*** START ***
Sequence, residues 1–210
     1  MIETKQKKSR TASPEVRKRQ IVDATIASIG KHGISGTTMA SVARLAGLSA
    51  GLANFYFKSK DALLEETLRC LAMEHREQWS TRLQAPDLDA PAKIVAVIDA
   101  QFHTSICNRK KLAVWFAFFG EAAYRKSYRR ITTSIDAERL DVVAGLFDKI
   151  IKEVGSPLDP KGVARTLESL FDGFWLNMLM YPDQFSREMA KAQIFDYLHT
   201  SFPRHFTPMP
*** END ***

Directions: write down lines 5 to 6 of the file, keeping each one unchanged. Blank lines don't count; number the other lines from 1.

   151  IKEVGSPLDP KGVARTLESL FDGFWLNMLM YPDQFSREMA KAQIFDYLHT
   201  SFPRHFTPMP